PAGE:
FRANKFURT, Germany (AP) — European Central Bank head Mario Draghi gave a muted outlook for the European economy and called for a "growth compact" to restore lost competitiveness across Europe.
Draghi's remarks Wednesday follow a backlash in Europe against austerity and deficit measures that were introduced to help the 17 countries that use the euro deal with the debt crisis that is hitting the region.
"We have had a fiscal compact," Draghi said, referring to the treaty signed in March by European governments tightening rules on government spending. "What is most present in my mind now is to have a growth compact."
The ECB president's comments — which weren't accompanied by extensive explanation or details — alluded to efforts to introduce long-term structural reforms to make countries more business-friendly. Those measures include making it easier to fire longtime workers and to start a business.
Draghi, however, did not take a stance against governments working to cut the size of their deficits, describing that step as "unavoidable."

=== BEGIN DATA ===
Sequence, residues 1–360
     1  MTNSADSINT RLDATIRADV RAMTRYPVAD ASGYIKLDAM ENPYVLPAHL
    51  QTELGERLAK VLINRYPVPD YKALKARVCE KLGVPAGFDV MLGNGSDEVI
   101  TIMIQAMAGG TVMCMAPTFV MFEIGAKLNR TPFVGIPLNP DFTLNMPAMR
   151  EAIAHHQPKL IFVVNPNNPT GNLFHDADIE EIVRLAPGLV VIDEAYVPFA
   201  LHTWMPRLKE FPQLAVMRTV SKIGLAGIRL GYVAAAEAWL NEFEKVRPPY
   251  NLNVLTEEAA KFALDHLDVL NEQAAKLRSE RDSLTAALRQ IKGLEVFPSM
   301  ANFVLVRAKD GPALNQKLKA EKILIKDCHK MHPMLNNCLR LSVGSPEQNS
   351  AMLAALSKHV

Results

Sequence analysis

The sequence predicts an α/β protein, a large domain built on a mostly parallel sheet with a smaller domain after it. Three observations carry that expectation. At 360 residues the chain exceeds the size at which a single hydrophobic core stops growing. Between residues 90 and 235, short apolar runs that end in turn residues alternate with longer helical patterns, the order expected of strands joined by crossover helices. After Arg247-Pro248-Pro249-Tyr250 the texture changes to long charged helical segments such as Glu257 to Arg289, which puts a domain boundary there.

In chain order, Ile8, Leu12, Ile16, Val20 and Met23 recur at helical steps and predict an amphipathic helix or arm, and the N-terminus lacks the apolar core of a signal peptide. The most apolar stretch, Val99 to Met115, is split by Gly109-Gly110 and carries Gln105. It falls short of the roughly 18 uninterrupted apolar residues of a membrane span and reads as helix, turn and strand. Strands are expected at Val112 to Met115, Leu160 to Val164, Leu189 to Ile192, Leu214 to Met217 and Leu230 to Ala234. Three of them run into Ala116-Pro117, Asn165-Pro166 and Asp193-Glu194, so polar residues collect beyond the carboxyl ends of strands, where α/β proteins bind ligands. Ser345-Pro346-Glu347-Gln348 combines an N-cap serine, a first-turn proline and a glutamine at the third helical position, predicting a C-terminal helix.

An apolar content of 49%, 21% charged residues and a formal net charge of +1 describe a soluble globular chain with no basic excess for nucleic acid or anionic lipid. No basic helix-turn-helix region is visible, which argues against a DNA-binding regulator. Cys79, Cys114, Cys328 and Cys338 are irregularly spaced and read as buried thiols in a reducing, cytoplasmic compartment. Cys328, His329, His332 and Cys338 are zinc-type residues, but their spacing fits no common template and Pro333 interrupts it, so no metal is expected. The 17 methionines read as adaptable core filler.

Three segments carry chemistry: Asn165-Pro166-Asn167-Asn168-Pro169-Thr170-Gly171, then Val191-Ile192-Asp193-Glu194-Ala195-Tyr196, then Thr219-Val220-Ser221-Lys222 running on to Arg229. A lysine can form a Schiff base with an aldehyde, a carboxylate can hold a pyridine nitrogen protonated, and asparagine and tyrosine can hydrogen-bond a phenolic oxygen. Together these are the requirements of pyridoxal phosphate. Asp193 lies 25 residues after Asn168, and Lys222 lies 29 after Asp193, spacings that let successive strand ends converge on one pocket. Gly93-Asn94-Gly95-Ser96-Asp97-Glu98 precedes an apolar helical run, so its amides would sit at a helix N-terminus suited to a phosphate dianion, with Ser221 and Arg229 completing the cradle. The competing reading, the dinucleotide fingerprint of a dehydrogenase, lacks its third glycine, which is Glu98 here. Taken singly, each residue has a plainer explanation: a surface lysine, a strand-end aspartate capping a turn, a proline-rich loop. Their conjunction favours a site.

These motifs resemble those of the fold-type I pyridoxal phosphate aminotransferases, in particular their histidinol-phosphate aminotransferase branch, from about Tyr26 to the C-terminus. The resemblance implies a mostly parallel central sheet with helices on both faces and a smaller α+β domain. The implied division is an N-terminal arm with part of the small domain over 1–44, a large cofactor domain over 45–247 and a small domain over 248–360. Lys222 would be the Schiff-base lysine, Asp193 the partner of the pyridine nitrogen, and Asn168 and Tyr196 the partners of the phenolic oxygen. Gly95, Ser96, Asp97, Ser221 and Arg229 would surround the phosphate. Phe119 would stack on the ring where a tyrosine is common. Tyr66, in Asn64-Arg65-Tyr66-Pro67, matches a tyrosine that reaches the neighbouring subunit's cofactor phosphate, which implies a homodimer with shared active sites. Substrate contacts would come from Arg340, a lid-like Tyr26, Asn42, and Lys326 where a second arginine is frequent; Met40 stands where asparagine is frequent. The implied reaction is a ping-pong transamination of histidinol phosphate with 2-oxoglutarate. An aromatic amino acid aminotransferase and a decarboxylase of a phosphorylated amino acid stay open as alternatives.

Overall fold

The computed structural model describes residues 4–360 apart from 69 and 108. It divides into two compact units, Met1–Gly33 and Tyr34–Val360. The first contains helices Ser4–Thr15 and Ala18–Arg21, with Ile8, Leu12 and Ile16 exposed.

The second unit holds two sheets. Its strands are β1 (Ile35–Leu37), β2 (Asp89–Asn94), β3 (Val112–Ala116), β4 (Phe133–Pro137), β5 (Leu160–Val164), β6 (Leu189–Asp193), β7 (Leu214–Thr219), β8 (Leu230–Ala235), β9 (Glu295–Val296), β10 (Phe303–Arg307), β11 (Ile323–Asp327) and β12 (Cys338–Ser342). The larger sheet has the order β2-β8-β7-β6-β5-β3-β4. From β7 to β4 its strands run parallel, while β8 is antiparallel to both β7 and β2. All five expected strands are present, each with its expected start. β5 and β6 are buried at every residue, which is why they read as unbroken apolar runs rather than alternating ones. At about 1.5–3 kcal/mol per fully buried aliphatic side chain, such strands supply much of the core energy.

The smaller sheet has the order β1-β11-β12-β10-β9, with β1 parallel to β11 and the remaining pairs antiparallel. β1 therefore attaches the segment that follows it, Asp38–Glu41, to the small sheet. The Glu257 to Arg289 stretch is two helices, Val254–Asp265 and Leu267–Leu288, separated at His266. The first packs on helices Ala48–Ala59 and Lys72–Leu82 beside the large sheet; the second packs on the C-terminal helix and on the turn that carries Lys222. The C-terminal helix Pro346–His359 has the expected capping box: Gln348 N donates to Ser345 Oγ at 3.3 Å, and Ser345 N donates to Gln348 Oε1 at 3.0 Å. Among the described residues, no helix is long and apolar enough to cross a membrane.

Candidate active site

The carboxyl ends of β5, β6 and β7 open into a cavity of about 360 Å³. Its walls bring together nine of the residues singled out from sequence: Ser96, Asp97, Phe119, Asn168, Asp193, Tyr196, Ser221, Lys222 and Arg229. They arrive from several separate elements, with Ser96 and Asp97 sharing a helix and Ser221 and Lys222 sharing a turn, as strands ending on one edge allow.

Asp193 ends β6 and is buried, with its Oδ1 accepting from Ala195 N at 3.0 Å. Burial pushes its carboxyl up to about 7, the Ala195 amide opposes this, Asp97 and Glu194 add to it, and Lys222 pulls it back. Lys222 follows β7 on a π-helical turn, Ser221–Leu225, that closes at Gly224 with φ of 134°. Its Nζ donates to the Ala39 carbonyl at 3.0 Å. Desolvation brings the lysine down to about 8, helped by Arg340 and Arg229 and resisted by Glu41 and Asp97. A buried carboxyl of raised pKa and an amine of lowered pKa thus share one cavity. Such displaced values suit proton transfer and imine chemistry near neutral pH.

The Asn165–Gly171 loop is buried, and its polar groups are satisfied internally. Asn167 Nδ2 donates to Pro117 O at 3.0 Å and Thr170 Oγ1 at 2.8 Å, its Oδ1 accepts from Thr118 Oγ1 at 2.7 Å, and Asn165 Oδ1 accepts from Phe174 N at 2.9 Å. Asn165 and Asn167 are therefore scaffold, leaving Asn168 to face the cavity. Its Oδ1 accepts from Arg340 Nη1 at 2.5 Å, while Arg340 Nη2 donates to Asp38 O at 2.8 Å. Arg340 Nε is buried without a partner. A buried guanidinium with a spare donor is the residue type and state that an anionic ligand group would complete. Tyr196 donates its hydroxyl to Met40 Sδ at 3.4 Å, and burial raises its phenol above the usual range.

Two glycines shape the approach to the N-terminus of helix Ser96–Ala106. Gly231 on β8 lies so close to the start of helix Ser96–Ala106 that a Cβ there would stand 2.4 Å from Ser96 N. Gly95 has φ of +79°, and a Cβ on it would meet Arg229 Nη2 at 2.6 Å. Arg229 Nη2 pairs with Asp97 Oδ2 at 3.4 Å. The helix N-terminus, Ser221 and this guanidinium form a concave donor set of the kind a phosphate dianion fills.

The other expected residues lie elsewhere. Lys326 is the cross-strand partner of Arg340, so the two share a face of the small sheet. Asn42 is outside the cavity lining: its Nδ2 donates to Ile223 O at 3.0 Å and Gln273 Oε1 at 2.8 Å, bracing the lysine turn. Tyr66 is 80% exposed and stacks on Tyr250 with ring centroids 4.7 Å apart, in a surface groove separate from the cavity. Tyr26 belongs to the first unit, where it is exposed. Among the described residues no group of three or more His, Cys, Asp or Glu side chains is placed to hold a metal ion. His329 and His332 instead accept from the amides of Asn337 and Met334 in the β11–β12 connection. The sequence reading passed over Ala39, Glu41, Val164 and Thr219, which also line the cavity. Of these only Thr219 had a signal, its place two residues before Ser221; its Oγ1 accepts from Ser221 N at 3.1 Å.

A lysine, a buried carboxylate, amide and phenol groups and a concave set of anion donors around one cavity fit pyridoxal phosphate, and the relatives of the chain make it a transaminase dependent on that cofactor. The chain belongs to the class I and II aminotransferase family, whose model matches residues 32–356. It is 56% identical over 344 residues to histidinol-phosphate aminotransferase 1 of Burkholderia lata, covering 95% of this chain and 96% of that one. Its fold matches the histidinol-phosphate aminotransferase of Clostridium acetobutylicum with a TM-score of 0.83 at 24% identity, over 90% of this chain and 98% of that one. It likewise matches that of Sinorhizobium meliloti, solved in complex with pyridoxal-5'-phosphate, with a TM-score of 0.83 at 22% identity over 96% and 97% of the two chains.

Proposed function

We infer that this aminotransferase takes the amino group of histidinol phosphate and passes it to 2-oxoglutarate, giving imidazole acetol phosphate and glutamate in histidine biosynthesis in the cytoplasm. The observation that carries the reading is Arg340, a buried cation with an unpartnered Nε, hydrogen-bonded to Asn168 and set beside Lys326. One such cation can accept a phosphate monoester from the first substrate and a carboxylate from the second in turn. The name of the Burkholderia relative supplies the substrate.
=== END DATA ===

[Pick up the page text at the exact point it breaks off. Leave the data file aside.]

Speaking to the economic and monetary affairs committee of the European Parliament, Draghi said the package of fiscal and economic measures recently agreed by the European Commission, the EU's executive, and the European parliament could pave the way for a formal eurozone agreement on growth.
"And so we have to go back and make it a compact," he said. "That's very very important."
Draghi's push for a growth agreement has caused some interest among analysts and politicians because it was his earlier call for a "fiscal compact" that eventually led to the European governments' current fiscal treaty.
Draghi added that economic indicators confirm "a stabilization in economic activity at a low level" and referred to "an environment of modest growth" in the euro area. But he indicated demand for credit — a key sign of economic activity — remained weak.
The EU's executive commission predicts the 17-country eurozone will see their economy shrink by 0.3 percent this year, and recent surveys of purchasing managers in industry and service suggest that the economy might even fall short of that.